Administrative Oversight • Fundraising • Board Relations • Conservation Science • External Communication
I oversee all aspects of the Lab’s affairs, including budget, strategic planning, relationships with principal donors, engagement with the Administrative Board, and interactions with Provost and Deans on campus. I also conduct research as a professor in the Department of Ecology and Evolutionary Biology, where I advise several graduate students. My main research interests involve endangered species management, especially concerning the ecology, landscape genetics, and conservation of the Florida Scrub-Jay.
I was privileged to grow up in rural Minnesota during the 1950s and 60s, where I fell in love with birds at a very early age. Several of my parents’ friends were birdwatchers, and one was even an avid bird-bander (Jane Olyphant). Our neighbor across the pond was a famous wildlife artist (Francis Lee Jaques) who became my childhood hero. I remain a passionate birder, and occasional bird-painter, to this day.
In college I studied the biogeography of South American tyrant flycatchers, and for my Ph.D. I spent several years roaming Central and South America quantifying the foraging behaviors of this huge and diverse bird family.
During college, I worked as a summer intern studying Florida Scrub-Jays at Archbold Biological Station. My first job after grad school was at the Field Museum of Natural History, where I continued pursuing both research interests. I became Executive Director of Archbold in 1988, and moved to take my current position at the Lab in 1995.
In kindergarten, while sick at home during a spring day, I saw a male American Redstart out the living room window, and identified it using my parents’ Peterson field guide. I was instantly mesmerized by all the other beautiful species illustrated on those pages, and this began my lifelong ‘quest’ to see them all.
Ph.D., Princeton University
B.A., Harvard University
Beyond the Lab
I am married to Molly, our two children are Sarah (Cornell ’08) and Dylan (Middlebury ’11), and our granddaughter is Persis (born 2018).
Chen, N., I. Juric, E. J. Cosgrove, R. Bowman, J. W. Fitzpatrick, S. J. Schoech, A. G. Clark, and G. Coop (2019). Allele frequency dynamics in a pedigreed natural population. Proceedings of the National Academy of Sciences 116:2158–216.
Fitzpatrick, J. W. (2019). [In Press] Ornithology at Cornell University and the Cornell Lab of Ornithology, 1990 – 2018. In Contributions to the History of North American Ornithology. Buteo Books, pp. 271–365.
Chen, N., I. Juric, E. J. Cosgrove, R. Bowman, J. W. Fitzpatrick, S. J. Schoech, A. G. Clark, and G. Coop (2019). [In press] Allele frequency dynamics in a pedigreed natural population
. Proceedings of the National Academy of Sciences. https://doi.org/10.1101/388710
Freeman, B. G., M. N. Scholer, V. Ruiz-Gutierrez, and J. W. Fitzpatrick (2018). Climate change causes upslope shifts and mountaintop extirpations in a tropical bird community
. Proceedings of the National Academy of Sciences 115:11982–11987.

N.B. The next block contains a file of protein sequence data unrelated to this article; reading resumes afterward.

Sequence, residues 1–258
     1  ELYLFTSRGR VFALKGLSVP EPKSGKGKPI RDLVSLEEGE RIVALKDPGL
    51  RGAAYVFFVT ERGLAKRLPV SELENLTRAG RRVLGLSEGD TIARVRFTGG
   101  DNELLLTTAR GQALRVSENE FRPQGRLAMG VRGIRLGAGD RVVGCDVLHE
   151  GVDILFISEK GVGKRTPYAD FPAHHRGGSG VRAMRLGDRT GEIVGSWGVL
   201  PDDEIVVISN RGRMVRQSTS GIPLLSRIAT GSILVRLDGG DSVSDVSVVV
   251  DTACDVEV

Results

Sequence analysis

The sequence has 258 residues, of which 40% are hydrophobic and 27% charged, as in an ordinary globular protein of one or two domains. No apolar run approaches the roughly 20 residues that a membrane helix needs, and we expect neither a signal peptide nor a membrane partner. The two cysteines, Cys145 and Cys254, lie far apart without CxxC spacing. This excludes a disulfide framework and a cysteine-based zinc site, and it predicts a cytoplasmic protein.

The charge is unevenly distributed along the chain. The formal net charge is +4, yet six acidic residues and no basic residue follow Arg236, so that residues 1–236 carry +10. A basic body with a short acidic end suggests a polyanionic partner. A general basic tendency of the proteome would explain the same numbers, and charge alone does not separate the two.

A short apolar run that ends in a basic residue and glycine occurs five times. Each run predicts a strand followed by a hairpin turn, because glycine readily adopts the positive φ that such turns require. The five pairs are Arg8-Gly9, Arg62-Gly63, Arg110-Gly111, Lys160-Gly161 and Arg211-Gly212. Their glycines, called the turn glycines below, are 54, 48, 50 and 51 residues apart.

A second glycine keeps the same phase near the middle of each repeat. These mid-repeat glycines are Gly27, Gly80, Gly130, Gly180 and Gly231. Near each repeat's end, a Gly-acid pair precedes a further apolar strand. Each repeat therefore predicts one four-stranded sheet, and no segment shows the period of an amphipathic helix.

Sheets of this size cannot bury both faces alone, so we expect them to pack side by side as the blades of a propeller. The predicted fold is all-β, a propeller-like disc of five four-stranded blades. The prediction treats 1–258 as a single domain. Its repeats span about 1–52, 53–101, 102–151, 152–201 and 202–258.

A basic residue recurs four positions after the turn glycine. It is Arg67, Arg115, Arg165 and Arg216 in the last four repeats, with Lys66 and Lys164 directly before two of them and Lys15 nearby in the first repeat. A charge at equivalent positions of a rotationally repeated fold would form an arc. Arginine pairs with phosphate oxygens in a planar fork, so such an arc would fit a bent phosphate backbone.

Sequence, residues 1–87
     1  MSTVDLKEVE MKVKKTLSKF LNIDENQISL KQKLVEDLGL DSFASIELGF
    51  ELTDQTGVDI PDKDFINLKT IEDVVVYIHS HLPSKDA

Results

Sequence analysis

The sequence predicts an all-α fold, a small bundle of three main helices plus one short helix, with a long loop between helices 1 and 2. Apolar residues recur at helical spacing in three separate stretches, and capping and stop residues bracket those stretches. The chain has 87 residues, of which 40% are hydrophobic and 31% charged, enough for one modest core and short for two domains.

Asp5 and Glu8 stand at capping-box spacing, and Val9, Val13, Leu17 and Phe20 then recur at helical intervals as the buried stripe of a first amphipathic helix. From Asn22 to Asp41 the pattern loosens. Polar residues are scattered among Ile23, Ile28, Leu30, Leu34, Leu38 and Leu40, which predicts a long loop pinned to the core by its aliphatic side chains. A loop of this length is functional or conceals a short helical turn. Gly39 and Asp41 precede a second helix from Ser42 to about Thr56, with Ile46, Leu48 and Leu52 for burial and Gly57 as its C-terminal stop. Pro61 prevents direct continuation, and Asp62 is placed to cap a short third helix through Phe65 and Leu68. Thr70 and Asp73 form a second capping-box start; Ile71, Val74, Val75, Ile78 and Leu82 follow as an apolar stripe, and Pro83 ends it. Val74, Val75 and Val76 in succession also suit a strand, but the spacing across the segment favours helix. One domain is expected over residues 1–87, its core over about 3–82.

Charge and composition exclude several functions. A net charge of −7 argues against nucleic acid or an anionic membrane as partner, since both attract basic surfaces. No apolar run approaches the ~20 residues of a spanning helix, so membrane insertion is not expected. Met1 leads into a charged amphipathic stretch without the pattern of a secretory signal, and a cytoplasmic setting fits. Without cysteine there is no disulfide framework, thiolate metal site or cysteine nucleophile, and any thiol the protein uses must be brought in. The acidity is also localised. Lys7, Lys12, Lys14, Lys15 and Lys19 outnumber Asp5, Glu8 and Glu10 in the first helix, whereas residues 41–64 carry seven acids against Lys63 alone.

Rodewald, A. D., and J. W. Fitzpatrick (2018). Undermining protection for migratory birds
. The Hill.
Rodewald, A. D., and J. W. Fitzpatrick (2017). Ryan Zinke wants to break many conservation efforts
. The Hill.
Aguillon, S. M., J. W. Fitzpatrick, R. Bowman, S. J. Schoech, A. G. Clark, G. Coop, and N. Chen (2017). Deconstructing isolation-by-distance: The genomic consequences of limited dispersal
. PLOS Genetics 13:e1006911.
Reynolds, M. D., B. L. Sullivan, E. Hallstein, S. Matsumoto, S. Kelling, M. Merrifield, D. Fink, A. Johnston, W. M. Hochachka, N. E. Bruns, M. E. Reiter, et al. (2017). Dynamic conservation for migratory species
. Science Advances 3:e1700707.
Winkler, D. W. (2016). Breeding Biology of Birds
. In Handbook of Bird Biology (I. J. Lovette and J. W. Fitzpatrick, Editors). third. John Wiley & Sons Publishing Company, pp. 407–450.
Winkler, D. W., J. Shamoun-Baranes, and T. Piersma (2016). Avian migration and dispersal. In Handbook of Bird Biology (I. J. Lovette and J. W. Fitzpatrick, Editors). Third. Wiley Press, pp. 453–492.
Fitzpatrick, J. W., and A. D. Rodewald (2016). Bird Conservation. In Cornell Lab of Ornithology’s Handbook of Bird Biology (I. J. Lovette and J. W. Fitzpatrick, Editors). Third edition. John Wiley & Sons, Inc., Chichester, West Sussex.
Fitzpatrick, J. W., and R. Bowman (2016). Florida scrub-jays: oversized territories and group defense in a fire-maintained habitat. In Cooperative Breeding in Vertebrates. (W. D. Koenig and J. L. Dickinson, Editors). Cooperative Breeding in Vertebrates, Cambridge, pp. 77–96.
Mills, J. A., C. Teplitsky, B. Arroyo, A. Charmantier, P. H. Becker, T. R. Birkhead, P. Bize, D. T. Blumstein, C. Bonenfant, S. Boutin, A. Bushuev, et al. (2015). Archiving primary data: solutions for long-term studies
. Trends in Ecology & Evolution 30:581–589.
Fitzpatrick, J. W. (2015). Beacons of our planet. In The Living Bird. Mountaineers Books, Seattle, WA, pp. 127–148.
Fitzpatrick, J. W. (2015). How birds can save the world. In The Living Bird. Mountaineers Books, Seattle, WA, pp. 25–30.